Silicon Valley Watcher - Former FT journalist Tom Foremski reporting from the intersection of technology and media

The enterprise software market is dead, dead, dead....

Posted by Tom Foremski - September 13, 2005

By Tom Foremski for SiliconValleyWatcher

A few weeks ago I was engaged in a debate with John Gallant, Editorial Director of Network World, via our respective blogs, about my assertion that enterprise software markets have become dead boring.

I'd like to change my argument. Enterprise software markets are not dead boring. They are just dead.

Larry Ellison has killed the enterprise applications software industry. It's dead, dead, dead, dead, dead, dead. The Siebel acquisition was the final blow, the stake in the heart.

The losers include the print media, as yet another large tech advertiser disappears.

The other loser is innovation in the enterprise software industry itself. With such a small number of big companies at the top (Oracle, SAP, Microsoft, IBM) there won't be much of a bidding war for promising startups. Valuations will be "reasonable" -- and "reasonable" never fires up the blood of a venture capitalist.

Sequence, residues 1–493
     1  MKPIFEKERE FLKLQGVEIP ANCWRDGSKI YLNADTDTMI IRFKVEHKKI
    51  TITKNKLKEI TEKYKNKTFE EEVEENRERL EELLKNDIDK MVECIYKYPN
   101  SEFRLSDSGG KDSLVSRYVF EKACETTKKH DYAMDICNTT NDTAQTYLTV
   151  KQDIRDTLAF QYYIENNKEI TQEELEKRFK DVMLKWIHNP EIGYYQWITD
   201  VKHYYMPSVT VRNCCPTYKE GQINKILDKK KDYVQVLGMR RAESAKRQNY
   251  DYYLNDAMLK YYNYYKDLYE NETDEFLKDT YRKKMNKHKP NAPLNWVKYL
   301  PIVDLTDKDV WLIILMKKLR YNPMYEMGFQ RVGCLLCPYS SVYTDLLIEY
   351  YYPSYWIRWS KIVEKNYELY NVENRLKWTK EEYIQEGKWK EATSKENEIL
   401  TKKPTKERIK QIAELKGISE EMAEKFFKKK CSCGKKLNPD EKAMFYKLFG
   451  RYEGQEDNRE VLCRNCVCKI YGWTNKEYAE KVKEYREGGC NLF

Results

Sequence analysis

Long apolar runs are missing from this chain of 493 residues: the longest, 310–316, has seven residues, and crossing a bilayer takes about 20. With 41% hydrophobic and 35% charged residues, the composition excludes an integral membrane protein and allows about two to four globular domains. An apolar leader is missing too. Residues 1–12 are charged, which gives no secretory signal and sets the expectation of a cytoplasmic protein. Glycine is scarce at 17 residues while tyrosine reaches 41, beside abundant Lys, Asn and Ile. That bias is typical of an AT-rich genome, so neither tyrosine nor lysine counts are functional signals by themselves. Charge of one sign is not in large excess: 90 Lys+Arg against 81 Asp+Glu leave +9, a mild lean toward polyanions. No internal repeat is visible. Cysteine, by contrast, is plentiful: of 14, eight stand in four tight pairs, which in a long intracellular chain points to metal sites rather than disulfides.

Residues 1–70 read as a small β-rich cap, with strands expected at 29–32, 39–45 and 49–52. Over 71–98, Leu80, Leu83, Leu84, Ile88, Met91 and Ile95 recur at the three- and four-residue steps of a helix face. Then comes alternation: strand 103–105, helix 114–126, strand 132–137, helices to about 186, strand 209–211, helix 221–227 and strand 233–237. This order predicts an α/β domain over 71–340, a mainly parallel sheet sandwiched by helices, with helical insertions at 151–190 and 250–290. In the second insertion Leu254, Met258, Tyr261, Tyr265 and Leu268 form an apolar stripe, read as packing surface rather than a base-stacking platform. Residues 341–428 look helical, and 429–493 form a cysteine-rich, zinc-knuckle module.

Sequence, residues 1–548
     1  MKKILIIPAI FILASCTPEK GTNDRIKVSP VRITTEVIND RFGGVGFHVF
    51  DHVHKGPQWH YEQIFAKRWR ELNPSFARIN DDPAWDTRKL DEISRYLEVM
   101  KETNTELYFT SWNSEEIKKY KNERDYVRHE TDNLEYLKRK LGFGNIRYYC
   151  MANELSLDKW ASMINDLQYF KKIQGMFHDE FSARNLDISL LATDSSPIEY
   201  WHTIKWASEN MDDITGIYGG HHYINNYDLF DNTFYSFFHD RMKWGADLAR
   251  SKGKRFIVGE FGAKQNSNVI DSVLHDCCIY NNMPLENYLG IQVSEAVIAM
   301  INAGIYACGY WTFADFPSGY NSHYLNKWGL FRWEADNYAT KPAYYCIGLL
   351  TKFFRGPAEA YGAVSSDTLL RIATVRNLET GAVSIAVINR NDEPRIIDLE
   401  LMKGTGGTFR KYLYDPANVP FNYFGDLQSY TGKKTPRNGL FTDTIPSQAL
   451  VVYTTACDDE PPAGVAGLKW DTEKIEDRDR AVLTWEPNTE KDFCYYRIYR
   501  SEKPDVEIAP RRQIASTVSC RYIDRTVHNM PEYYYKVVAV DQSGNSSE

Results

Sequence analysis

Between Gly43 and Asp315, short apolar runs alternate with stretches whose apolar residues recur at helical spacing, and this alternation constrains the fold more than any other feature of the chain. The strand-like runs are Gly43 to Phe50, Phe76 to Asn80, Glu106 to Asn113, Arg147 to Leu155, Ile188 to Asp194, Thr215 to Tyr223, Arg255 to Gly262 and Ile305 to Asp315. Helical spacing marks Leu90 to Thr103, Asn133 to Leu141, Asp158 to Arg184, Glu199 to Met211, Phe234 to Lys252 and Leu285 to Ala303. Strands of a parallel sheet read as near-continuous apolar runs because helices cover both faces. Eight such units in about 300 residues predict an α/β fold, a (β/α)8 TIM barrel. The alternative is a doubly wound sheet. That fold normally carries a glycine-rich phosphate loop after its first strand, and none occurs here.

VCs need promising "ten-baggers" -- the one-in-ten winners that cover the bets on the nine losers. But with IPO markets gone, and the top companies controlling valuations, there is no decent exit strategy for investors.

That means innovation won't be funded. And the big software makers won't be innovating much, as per usual.

Larry gets all the maintenance revenues, and corporate customers have to lump it.

Here comes the cavalry?

Or, can the software-as-a-service generation of software companies-- such as and RightNow Technologies--lead a cavalry charge to provide enterprises with choice and Oracle with significant competition?

That remains to be seen. One question is whether those applications can be be scaled up to carry large enterprises. We'll be watching with some interest. After all, that's one of the few areas of the enterprise software industry that is still worth watching.

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